Noting that Kim was entitled to rely on information from Esparaza as establishing reasonable suspicion, the Court nevertheless went on to say reliance is only allowed where objectively reasonable. Esparaza neither made the visual confirmation required, nor said over the radio that he had done so. As a result, reasoned the Court, the lower court’s determination that Kim’s reliance was objectively reasonable, while plausible, did not support a grant of summary judgment because that determination relied on an inference in Defendants’ favor. More particularly, the Ninth Circuit discussed Kim’s “ongoing duty to make appropriate inquiries as to the facts . . . if insufficient details [were] relayed.” Motley v. Parks, 432 F.3d 1072, 1081 (9th Cir. 2005), overruled on other grounds, United States v. King, 687 F.3d 1189 (9th Cir. 2012). The Court noted that multiple facts suggested the need for further investigation, including that the plate identified by the ALPR belonged to a different make of car, model, and color than Green’s and that Kim was aware of the discrepancy.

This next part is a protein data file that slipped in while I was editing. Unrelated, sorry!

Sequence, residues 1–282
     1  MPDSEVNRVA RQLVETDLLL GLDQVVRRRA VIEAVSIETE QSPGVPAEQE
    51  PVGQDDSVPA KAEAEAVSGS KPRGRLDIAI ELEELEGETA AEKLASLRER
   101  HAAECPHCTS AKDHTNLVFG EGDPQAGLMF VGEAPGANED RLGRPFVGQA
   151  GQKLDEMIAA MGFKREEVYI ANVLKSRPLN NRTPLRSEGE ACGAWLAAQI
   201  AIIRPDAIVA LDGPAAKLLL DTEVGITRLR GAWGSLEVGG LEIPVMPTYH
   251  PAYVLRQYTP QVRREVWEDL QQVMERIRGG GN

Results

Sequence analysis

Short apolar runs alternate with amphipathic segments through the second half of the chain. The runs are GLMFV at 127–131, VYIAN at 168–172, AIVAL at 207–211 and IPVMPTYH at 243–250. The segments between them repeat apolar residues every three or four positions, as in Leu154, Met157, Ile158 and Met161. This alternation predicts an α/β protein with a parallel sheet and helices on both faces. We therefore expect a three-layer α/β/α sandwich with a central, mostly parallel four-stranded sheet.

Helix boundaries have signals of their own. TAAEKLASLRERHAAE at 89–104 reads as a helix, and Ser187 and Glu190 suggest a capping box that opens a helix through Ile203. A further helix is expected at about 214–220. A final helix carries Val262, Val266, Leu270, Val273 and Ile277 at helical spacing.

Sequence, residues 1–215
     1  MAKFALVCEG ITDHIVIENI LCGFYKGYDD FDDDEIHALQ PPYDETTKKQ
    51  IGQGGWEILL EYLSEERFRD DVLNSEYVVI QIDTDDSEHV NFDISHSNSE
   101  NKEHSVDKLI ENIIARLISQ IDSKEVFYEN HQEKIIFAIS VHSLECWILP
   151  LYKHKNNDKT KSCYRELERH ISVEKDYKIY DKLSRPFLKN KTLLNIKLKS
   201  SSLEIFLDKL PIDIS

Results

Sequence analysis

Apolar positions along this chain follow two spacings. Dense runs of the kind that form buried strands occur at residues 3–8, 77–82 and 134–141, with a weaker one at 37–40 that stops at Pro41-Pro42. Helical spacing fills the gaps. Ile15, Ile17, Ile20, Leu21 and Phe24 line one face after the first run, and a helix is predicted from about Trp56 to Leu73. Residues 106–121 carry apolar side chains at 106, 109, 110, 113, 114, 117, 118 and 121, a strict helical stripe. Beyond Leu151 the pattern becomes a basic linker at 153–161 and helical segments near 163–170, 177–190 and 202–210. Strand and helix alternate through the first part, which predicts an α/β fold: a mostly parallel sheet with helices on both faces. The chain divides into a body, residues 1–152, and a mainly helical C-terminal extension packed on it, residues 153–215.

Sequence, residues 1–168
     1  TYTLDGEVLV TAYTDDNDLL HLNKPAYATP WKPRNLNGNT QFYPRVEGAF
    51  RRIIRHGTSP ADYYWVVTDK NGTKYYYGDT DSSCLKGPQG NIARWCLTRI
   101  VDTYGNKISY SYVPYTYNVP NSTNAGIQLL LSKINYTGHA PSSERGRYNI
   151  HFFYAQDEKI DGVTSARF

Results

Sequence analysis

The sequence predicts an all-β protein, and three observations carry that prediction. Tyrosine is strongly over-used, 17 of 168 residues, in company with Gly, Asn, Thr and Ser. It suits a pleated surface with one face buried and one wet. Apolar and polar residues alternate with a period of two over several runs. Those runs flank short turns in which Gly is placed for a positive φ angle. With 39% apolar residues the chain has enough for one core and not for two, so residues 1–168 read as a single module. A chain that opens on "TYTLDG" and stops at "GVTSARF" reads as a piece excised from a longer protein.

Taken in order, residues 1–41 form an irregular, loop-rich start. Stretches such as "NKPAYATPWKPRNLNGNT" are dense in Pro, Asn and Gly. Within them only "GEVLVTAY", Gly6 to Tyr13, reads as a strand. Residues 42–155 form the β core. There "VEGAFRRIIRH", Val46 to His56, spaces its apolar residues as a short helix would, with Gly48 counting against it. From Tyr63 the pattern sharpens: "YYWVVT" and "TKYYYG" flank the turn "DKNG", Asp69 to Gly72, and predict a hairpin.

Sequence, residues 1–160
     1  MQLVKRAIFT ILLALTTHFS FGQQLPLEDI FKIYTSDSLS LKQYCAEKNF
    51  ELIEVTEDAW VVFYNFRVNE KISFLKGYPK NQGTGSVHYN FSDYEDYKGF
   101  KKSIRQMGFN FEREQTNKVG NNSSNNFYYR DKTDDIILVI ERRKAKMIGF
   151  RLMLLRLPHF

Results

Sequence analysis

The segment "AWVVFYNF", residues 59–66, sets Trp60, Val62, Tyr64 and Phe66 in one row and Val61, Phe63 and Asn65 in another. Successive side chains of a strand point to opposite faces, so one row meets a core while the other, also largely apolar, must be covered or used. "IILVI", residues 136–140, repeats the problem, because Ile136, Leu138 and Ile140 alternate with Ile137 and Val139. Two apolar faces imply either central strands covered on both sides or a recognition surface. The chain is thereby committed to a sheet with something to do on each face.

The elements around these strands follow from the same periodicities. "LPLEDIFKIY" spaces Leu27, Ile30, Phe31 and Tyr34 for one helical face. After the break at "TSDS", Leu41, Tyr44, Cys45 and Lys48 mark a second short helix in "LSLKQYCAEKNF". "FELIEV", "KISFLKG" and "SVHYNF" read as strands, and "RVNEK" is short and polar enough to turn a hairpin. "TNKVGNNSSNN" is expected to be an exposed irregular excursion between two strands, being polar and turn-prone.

The Court then turned to whether a de facto arrest occurred. Noting that there is no bright line rule to measure when an investigatory stop rises to the level of an arrest, the Court examined the totality of the circumstances, paying special attention to the level of intrusiveness of the methods used in light of circumstances present. The methods used in this case were deemed highly intrusive and therefore the Court looked to whether the circumstances of the arrest justified the use of the subject methods. The Ninth Circuit found that none of the special circumstances justifying highly intrusive methods of stop/arrest existed in the case – an uncooperative suspect or one at risk of flight; belief the suspect is armed; stop closely follows a violent crime; or where officers believe that crime that might involve violence is imminent. The Court remarked that the number officers involved was one highly relevant factor in determining whether officers crossed the line from stop to arrest. And ultimately, the Court concluded a reasonable jury could conclude Green was arrested based on the fact that the tactics used were “extremely intrusive,” she was complaint, the officers had no information that she was armed, the stop didn’t follow a violent crime, and the officers had no information that a violent crime was about to occur. Moreover, the officers lacked information that Green was a proper suspect, or one that she posed a threat. Thus, the six officers on scene who participated in the stop, assuming Plaintiff’s version of events to be accurate, was excessive.